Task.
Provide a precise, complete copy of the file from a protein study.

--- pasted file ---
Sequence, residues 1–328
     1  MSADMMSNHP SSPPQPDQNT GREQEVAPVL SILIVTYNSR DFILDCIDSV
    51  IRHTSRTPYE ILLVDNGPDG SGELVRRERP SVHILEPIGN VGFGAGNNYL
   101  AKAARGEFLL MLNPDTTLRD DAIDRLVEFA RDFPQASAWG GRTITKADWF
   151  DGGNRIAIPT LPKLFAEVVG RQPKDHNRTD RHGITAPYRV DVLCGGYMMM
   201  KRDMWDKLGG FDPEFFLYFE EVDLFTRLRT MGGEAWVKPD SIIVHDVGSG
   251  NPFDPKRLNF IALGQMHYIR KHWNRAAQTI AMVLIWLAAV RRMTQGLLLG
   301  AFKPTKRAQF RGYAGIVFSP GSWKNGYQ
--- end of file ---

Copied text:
Sequence, residues 1–328
     1  MSADMMSNHP SSPPQPDQNT GREQEVAPVL SILIVTYNSR DFILDCIDSV
    51  IRHTSRTPYE ILLVDNGPDG SGELVRRERP SVHILEPIGN VGFGAGNNYL
   101  AKAARGEFLL MLNPDTTLRD DAIDRLVEFA RDFPQASAWG GRTITKADWF
   151  DGGNRIAIPT LPKLFAEVVG RQPKDHNRTD RHGITAPYRV DVLCGGYMMM
   201  KRDMWDKLGG FDPEFFLYFE EVDLFTRLRT MGGEAWVKPD SIIVHDVGSG
   251  NPFDPKRLNF IALGQMHYIR KHWNRAAQTI AMVLIWLAAV RRMTQGLLLG
   301  AFKPTKRAQF RGYAGIVFSP GSWKNGYQ